September 29, 2022

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A missile hit a foreign merchant ship in Mariupol

A missile hit a foreign merchant ship in Mariupol

By Jonathan Sol

LONDON (Reuters) – A foreign-flagged merchant ship was hit by a Russian navy missile in the besieged southern Ukrainian port city of Mariupol and one of its crew members needed medical attention, a Ukrainian official said on Tuesday.

Ukraine said it was preparing to call up about 60,000 Russian reserve soldiers to bolster Moscow’s offensive in the east, where Russia’s main targets included Mariupol and Kharkiv, the country’s second largest city.

The engine room of the Dominica-flagged cargo ship was hit by a missile late Monday, Viktor Vishnov, deputy head of the Ukrainian Maritime Administration, said.

“The ship was burnt down and all 12 crew members were evacuated to another ship. One of the crew members needed medical assistance, which was given to him and he was evacuated,” Vishnov told Reuters.

He did not know if the ship was carrying any cargo.

Separately, British security company Embry Intelligence said the ship arrived in Mariupol on February 23 and was unable to leave Ukrainian waters due to the port’s closure.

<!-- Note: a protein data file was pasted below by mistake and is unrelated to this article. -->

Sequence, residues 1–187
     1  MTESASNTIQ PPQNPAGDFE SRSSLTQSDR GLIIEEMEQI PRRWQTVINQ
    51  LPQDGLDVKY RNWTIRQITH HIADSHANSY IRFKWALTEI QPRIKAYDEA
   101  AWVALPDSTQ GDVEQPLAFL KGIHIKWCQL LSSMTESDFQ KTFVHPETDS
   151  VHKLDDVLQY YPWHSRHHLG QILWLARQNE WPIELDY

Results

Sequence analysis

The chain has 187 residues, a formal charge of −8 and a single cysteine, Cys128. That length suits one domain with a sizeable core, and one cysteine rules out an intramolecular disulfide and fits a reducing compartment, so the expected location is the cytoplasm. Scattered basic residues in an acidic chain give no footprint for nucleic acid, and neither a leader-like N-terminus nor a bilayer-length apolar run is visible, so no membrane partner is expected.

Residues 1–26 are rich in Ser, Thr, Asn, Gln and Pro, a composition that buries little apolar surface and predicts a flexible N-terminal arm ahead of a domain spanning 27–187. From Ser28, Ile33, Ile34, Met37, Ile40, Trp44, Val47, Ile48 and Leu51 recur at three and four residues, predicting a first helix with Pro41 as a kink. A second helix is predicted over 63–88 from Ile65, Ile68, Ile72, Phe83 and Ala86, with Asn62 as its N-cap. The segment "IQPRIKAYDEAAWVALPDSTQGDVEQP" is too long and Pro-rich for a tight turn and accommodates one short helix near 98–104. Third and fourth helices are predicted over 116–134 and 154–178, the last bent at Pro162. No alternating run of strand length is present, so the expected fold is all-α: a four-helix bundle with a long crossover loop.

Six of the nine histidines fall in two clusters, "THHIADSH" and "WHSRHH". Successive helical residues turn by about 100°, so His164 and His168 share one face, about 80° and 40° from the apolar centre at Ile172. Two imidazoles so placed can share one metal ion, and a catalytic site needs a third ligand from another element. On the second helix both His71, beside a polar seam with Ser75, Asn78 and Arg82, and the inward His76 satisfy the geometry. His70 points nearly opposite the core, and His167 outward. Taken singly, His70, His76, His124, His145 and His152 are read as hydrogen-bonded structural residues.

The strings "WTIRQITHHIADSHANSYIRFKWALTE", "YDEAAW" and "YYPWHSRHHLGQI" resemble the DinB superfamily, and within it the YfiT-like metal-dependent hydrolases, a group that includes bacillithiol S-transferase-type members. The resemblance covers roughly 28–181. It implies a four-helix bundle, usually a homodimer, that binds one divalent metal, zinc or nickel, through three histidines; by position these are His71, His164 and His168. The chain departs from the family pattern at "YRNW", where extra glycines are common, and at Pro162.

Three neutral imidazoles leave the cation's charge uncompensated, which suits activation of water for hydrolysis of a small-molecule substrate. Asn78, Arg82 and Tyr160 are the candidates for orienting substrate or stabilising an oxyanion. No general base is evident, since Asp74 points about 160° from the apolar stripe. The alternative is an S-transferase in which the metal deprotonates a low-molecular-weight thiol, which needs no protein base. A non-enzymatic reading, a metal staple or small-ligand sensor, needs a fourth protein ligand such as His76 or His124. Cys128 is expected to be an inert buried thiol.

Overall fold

The ship’s owner, based in Malta, could not be reached for comment.

Russian officials did not immediately respond to a request for comment.

The Russian military gained control of the waterways around Ukraine when it invaded on February 24 in what Moscow calls a “special military operation” to disarm and “disarm” the country.

The position of the Kremlin is rejected by Kyiv and the West, which considers it a pretext for an unjustified invasion.

Two sailors have been killed and five other merchant ships wounded by shells – one of which has sunk – off the Ukrainian coast since the conflict began, shipping officials said.

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The United Nations shipping agency, the International Maritime Organization (IMO), said there were 86 merchant ships still stranded in Ukrainian ports and waters as of March 30, and about 1,000 seafarers had not been able to set sail.

Navy officials said supplies are running out on the ships, which also face multiple dangers including floating missiles and mines.

“In addition to the dangers from the bombing, many of the ships involved now lack food, fuel, fresh water and other vital supplies,” the IMO said.

“The position of seafarers from many countries is becoming increasingly unacceptable as a result, posing serious risks to their health and well-being.”

Ukrainian President Volodymyr Zelensky said on Tuesday that Ukraine’s efforts to expel Russian forces from Mariupol were facing difficulties and that the military situation was “extremely difficult”.

(Reporting by Jonathan Saul; Editing by Nick McPhee)